Using public and private resources to obtain and conserve natural areas and green environments around water supplies and to provide public land where no development is allowed should be encouraged.

7. It is clear that building more highways has not and will not eliminate traffic congestion in the Triad. What specific policies will you work for to facilitate the development of alternatives to the automobile, such as walking, biking and mass transit?

Where convenient low-cost mass transportation is available, many people use it as an alternative to driving. More and bigger roads are only part of the solution to transportation problems. We need more sidewalks and bike lanes and better local and regional bus service.
I have been an advocate of better public transportation, more sidewalks and bike lanes on through streets for many years. Until recently, my suggestions have been largely ignored by most city council members and GDOT.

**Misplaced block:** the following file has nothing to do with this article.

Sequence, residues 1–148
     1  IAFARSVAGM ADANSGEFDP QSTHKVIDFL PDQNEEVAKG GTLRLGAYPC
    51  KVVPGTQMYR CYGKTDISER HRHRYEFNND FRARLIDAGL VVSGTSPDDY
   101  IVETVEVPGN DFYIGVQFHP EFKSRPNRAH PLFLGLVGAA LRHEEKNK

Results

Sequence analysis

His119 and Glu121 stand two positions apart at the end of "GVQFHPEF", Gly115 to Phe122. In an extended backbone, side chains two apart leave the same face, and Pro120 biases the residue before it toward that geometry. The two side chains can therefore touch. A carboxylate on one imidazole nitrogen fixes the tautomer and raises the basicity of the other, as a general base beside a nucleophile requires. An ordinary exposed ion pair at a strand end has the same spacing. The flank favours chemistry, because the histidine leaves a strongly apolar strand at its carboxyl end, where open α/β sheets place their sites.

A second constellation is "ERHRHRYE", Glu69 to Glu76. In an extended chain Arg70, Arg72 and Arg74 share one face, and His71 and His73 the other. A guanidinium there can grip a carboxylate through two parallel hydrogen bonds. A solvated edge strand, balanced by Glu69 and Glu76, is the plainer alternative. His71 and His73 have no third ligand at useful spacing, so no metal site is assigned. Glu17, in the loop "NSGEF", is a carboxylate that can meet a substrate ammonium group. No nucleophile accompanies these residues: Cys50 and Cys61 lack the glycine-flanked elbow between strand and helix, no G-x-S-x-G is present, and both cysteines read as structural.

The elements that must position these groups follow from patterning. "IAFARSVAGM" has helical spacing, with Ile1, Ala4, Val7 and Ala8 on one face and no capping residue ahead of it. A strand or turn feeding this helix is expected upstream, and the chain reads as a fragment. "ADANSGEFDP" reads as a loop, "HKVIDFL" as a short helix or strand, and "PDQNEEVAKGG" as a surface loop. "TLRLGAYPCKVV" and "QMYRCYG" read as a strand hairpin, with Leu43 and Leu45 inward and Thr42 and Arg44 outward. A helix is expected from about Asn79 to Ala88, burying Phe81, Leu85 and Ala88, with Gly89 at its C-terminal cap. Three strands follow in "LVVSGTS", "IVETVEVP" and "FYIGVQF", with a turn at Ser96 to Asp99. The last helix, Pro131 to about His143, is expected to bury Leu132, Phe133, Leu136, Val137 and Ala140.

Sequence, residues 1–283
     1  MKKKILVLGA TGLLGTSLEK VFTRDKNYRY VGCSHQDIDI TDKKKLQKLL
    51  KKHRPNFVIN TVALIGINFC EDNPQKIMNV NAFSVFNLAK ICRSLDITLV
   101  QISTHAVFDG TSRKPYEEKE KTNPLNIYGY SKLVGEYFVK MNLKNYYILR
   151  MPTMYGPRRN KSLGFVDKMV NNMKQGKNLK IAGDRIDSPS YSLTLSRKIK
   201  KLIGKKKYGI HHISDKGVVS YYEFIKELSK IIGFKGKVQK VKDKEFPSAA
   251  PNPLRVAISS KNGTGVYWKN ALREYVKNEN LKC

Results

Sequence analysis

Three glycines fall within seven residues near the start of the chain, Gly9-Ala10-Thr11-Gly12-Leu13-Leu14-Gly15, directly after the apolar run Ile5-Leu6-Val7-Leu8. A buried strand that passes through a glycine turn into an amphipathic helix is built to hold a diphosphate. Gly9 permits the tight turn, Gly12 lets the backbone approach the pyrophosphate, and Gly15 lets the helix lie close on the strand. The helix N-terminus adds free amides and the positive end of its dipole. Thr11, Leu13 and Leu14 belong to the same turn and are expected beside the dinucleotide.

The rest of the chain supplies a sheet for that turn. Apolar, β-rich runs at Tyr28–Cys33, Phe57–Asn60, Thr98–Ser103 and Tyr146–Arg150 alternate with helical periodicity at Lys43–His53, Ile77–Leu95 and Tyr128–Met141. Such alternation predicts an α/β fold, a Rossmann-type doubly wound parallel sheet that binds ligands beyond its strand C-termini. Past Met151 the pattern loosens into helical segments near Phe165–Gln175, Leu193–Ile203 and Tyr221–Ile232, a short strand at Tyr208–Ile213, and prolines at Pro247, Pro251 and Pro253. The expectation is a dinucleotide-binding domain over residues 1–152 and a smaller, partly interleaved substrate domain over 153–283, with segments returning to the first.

8. How should water conservation be encouraged and enforced, even in this time of "sufficiency"?

Education is the key to water conservation. The city should continue to provide free water-saving devices for faucets and toilets. Requiring multi-family units to have individual water meters will discourage wasting water. City government can regulate some water uses but the key to conserving water will always be with the individual user.


Anonymous said...

Where do you stand on the White Street landfill. Keep open? close? Substations?

Bill Davidson

diane said...

Hey Bill,
Thank you for reading my blog.

I hope my post this morning will answer these questions.